However, the Indonesian security authorities complain about the lack of laws similar to those in force in Malaysia and Singapore, which would allow detention of the ISIS supporters without trial. Today, preventive action is limited to merely monitoring their activities. Other directions of countering the threat of proliferation of the ISIS influence are being considered – legal (in particular, the question of revoking citizenship of Indonesians fighting on the side of another state), institutional (tightening of visa requirements and control of prisons where convicted terrorists today are free to transfer video messages, and also of mosques where future militants undergo religious indoctrination), promotional (using the media to counter propaganda teachings of radical jihadists, given the fact that about 80% of the country’s Internet users are active in social networks which are the main channels for recruiting ISIS militants), ideological (implementing a public education campaign about the hostility of the ISIS teachings towards the values of Indonesian society).
The threat of proliferation of the ISIS influence throughout Indonesia is measured not only in terms of human victims of terrorist acts and attempts to create a caliphate in the country. The main danger lies in a possible split in the Muslim community, in sowing religious discord, undermining the foundations of the Pancasila ideology ensuring the unity of Indonesia and therefore its stability.
Natalia Rogozhina, PhD in Political Science, Head Research, Institute of World Economy and International Relations, Russian Academy of Sciences, exclusively for the online magazine “New Eastern Outlook”.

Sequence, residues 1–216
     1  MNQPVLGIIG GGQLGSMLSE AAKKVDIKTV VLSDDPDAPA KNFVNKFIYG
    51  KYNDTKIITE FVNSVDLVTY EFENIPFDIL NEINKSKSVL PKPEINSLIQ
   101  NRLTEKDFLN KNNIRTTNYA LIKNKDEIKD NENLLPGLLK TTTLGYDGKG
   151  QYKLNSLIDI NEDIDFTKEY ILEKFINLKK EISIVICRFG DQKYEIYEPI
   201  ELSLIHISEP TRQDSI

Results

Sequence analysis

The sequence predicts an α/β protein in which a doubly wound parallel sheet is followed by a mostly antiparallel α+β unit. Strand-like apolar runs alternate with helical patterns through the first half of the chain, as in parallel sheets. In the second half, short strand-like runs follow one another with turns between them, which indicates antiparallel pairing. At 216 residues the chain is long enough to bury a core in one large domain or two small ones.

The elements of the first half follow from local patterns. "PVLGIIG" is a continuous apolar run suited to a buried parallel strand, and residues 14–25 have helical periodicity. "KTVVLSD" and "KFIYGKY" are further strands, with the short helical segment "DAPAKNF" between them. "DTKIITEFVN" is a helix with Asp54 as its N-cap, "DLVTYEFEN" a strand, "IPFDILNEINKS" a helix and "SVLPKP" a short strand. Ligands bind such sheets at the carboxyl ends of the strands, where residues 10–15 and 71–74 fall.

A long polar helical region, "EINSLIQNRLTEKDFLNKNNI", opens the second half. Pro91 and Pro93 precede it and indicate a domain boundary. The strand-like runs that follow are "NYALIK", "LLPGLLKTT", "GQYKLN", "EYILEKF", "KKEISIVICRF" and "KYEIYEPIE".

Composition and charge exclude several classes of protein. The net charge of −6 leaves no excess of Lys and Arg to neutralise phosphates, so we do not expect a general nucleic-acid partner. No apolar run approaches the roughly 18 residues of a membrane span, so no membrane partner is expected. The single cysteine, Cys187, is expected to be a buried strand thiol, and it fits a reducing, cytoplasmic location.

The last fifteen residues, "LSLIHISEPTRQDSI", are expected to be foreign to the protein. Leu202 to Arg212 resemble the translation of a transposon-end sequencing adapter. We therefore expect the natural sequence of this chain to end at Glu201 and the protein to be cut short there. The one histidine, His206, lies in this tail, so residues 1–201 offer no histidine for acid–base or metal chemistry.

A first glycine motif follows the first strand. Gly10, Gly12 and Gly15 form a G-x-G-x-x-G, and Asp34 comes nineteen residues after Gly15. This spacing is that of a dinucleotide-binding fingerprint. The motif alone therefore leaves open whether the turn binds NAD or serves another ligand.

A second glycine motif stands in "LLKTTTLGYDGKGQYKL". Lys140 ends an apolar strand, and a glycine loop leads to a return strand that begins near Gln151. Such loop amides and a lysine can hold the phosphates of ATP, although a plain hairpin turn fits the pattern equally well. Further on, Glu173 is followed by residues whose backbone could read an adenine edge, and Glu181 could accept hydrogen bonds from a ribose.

UN Assistance Mission in Afghanistan (UNAMA) says that it has documented 9,617 civilian casualties from 1 January 2014 to the end of November. That figure includes 3,188 civilian deaths and 6,429 civilian injuries. The mission warns that by year’s end, the number may rise well above 10,000 victims, the highest since the UN body began keeping record in 2009.
The majority of casualties, some 75 percent, are blamed on “the Taliban, the Haqqani network and other insurgent groups,” Georgette Gagnon, the Director of Human Rights at UNAMA told the journalists at UN Headquarters. Around 12 percent of civilian casualties are blamed on the pro-Government forces.
— UN Political Affairs (@UN_DPA) December 19, 2014
Another 11 percent is blamed on “ground engagements where the party that caused the civilian casualties cannot be determined” while the remainder of casualties was due to “unexploded ordinates that are left after ground engagements,” Gagnon said.
The UN announced that the new data shows an increase in children casualties by 33 percent and women casualties by 14 percent.
“What’s different in 2014 is that the majority of civilian casualties have been caused in ground engagements and fighting between Afghan forces and insurgents, followed by deaths and injuries caused from improvised explosive devices,” the UN says.
UNAMA called on Kabul to do its out-most best to reduce civilian casualties and not to target civilians “either deliberately or indiscriminately.”